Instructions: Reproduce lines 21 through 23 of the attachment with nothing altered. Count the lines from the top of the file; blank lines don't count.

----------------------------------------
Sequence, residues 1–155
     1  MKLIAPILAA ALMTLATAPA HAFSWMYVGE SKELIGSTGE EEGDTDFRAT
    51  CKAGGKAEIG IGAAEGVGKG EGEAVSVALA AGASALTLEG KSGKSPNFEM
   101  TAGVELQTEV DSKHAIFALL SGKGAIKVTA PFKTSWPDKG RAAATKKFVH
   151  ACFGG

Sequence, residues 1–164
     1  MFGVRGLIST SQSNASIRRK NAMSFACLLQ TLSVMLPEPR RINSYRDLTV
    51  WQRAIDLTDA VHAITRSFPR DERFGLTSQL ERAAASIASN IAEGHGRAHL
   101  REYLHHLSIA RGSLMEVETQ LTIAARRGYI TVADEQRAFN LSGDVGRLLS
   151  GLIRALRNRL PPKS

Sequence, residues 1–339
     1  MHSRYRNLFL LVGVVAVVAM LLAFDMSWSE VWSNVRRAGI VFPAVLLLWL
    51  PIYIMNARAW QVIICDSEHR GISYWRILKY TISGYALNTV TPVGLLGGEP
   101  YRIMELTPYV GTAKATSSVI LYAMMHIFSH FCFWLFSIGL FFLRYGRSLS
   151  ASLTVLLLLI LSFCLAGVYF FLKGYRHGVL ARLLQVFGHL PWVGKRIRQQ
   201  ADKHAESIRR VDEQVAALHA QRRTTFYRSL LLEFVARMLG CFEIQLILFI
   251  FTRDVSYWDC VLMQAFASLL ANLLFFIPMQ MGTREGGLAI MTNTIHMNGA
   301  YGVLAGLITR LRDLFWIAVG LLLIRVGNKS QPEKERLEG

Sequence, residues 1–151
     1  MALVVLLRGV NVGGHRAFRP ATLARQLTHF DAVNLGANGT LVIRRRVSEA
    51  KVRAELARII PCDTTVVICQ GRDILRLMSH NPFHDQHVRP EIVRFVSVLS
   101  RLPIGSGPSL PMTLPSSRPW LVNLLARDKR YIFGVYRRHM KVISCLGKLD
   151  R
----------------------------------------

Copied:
    51  KVRAELARII PCDTTVVICQ GRDILRLMSH NPFHDQHVRP EIVRFVSVLS
   101  RLPIGSGPSL PMTLPSSRPW LVNLLARDKR YIFGVYRRHM KVISCLGKLD
   151  R